If you don’t connect a speed sensor, the bike computer will track your speed based on the GPS signal. However, connecting a speed sensor will allow you to get a more accurate metric. Also, when training with a trainer machine at home, the GPS signal won’t be able to track your speed as you are stationary; in this case, a speed sensor is useful for tracking your speed.
The sync rate of the GPS sensor can be adjusted to every 1, 2, or 5 seconds. You can get the most accurate tracking from the 1-second interval setting, but it will drain the battery very quickly. The 5-second interval setting is fine if you have a speed sensor, in which case you only need the GPS sensor for tracking your route and distance.
If you want to go on a long bike trip, you need a bike computer with a long battery life. It will be useless if it runs out of power in the middle of your journey. Fortunately, both CatEye Stealth 50 and CatEye Stealth Evo+ have decent battery life.
They each can last for up to 10 hours per charge. This should be sufficient for most bike trips, except the longest ones that go for days. Both CatEye Stealth 50 vs Evo+ run on USB rechargeable batteries. So, you won’t need to spend money for battery replacements.
Connecting the heart rate sensor strap and the cadence sensor will require a few repeated reads of the instructions, but it is not difficult at all. Once you get the grasp on the different button presses, you will be able to connect these sensors in no time. If you don’t want to read the instructions, there are online tutorial videos that can help you set up the sensors.
Each of CatEye Stealth 50 and CatEye Stealth Evo+ only has a single “Mode” button on the front, right under the display screen. Press this button once to see the tracked data during your ride. In order to start or stop a session, press down the button for two seconds.
Although the display screen is a bit limited in terms of customization – you can only cycle through the pre-determined metrics for each part of the display screen – you get everything you need. Scrolling through speed, cadence, power, heart rate, and distance is very quick and simple. Also, the clock is easy to access, and the icons are easy to understand. You can set the backlight to activate automatically when the unit is turned on.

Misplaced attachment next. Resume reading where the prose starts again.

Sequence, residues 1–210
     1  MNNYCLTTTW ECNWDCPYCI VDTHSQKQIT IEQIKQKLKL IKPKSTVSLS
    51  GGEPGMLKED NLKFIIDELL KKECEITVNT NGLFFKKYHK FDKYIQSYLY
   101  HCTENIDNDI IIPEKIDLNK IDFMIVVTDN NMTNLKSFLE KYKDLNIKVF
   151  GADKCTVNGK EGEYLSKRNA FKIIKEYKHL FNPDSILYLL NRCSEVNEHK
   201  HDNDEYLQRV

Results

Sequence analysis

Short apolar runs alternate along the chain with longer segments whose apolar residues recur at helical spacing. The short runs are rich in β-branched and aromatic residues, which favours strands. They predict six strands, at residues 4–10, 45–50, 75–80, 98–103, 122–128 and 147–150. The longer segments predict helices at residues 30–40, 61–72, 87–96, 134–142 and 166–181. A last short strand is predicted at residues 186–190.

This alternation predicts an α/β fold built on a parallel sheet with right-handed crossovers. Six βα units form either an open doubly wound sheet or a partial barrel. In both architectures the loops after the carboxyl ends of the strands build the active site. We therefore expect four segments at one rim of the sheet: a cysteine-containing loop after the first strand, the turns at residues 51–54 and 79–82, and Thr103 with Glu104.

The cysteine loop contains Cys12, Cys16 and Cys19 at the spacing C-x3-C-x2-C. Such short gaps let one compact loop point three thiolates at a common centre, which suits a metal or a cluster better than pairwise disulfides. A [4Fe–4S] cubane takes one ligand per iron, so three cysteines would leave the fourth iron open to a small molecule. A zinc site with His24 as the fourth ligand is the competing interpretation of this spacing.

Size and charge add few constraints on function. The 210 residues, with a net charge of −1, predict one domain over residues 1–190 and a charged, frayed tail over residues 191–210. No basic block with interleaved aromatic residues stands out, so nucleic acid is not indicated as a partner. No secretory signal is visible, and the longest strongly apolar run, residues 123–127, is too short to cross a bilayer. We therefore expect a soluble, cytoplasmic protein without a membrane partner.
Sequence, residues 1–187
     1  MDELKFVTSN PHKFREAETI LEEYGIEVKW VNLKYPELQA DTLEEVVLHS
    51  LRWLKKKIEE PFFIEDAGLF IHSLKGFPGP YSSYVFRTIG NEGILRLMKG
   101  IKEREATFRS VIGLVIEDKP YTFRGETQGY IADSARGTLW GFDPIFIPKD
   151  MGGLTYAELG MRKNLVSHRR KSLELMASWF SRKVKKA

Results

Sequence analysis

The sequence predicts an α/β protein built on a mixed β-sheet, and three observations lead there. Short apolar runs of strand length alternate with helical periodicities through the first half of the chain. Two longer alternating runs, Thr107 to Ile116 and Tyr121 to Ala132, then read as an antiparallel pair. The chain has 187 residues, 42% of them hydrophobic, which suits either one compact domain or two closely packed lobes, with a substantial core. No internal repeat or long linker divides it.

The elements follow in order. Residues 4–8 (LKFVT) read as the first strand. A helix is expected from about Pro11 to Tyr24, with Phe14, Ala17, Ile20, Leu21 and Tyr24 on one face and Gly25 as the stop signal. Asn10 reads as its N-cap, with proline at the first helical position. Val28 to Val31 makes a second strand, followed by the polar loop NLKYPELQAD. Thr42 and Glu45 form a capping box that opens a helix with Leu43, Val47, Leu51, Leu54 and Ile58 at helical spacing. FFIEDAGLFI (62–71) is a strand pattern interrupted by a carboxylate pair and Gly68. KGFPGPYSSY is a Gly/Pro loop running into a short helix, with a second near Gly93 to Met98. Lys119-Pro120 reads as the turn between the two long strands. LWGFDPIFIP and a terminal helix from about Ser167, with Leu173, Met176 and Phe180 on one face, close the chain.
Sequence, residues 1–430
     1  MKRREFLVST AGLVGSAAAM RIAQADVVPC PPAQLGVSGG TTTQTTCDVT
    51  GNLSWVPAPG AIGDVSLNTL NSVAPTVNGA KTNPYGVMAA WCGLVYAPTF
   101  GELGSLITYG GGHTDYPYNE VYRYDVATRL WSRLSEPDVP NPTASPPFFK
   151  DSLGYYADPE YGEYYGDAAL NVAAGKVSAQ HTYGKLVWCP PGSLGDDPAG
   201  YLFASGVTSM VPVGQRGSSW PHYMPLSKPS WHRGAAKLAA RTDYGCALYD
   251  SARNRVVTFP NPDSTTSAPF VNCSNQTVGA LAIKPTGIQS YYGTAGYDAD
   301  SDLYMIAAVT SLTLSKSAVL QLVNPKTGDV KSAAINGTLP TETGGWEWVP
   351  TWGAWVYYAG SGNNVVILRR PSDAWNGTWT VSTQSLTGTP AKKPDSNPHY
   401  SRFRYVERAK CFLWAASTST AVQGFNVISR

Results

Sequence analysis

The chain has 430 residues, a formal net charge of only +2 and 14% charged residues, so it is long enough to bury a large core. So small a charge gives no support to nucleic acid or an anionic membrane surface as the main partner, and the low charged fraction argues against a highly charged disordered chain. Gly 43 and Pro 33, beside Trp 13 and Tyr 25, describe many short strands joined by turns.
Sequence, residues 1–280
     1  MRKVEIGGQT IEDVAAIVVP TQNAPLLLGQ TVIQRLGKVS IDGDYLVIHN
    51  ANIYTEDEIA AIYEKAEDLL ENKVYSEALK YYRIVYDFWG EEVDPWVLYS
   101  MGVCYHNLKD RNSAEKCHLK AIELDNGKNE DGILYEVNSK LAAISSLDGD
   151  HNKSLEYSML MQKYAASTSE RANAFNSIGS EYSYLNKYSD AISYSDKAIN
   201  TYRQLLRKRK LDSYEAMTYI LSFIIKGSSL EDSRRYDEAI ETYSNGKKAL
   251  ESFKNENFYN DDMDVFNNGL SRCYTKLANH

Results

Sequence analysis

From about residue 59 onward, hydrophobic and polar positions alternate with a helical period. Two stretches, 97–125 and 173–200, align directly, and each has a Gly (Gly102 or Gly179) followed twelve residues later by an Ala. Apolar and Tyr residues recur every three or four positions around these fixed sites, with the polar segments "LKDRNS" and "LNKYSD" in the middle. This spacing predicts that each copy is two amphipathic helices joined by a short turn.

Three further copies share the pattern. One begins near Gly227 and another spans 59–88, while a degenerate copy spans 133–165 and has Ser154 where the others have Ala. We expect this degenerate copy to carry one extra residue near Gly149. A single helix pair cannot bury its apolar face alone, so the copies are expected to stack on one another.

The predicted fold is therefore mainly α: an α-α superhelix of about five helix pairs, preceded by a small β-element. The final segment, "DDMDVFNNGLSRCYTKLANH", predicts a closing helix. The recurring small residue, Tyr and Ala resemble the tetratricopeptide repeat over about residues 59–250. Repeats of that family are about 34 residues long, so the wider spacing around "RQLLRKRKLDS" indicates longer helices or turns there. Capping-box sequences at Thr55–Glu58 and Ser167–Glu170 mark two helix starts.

Both CatEye Stealth 50 and CatEye Stealth Evo+ can pause their tracking automatically when you stop moving, for example when facing a red light or a wader. You won’t need to press any button. Once you start moving again, they will continue tracking automatically as well.
The power button and the menu setting button are located on the back panel. This is to prevent the unit from starting or stopping accidentally. Unfortunately, this also means that you need to remember to reset the session before every ride. Forgetting to do so will mess your data. Also, there is no map function, which some people may find as a disadvantage.
Both bike computers here are truly weatherproof. Many users say that their CatEye bike computers can go through heavy rain and snow just fine. This will give you some peace of mind when you are riding outside and get caught in a bad weather.
You can connect either bike computer here to your computer to sync your data. The CatEye Sync software is available for Windows and Mac. However, connecting your CatEye unit to an old Mac may be difficult because the CatEye Sync software needs access to the Applications folder during the installation. Depending on the security settings, the operating system may block the access.
Nevertheless, the CatEye Sync software works well when tested on Windows and the newest Mac. The initial installation is a bit lengthy, and may take about 30 minutes to complete.
Once the software is properly installed, it is very easy and simple to use. You can upload your rides to a map and get an in-depth analysis. You can also share your performance data to Facebook, Strava, Training Logs, or the company’s own sharing platform, CatEye Atlas.
CatEye Stealth 50 vs Evo+
Although these two bike computers look very similar, CatEye Stealth Evo+ is the better model. It comes with more features. In addition to tracking your speed, cadence, and distance, it can also monitor your heart rate, power, and altitude. CatEye Stealth Evo+ is highly weatherproof with a solid battery life.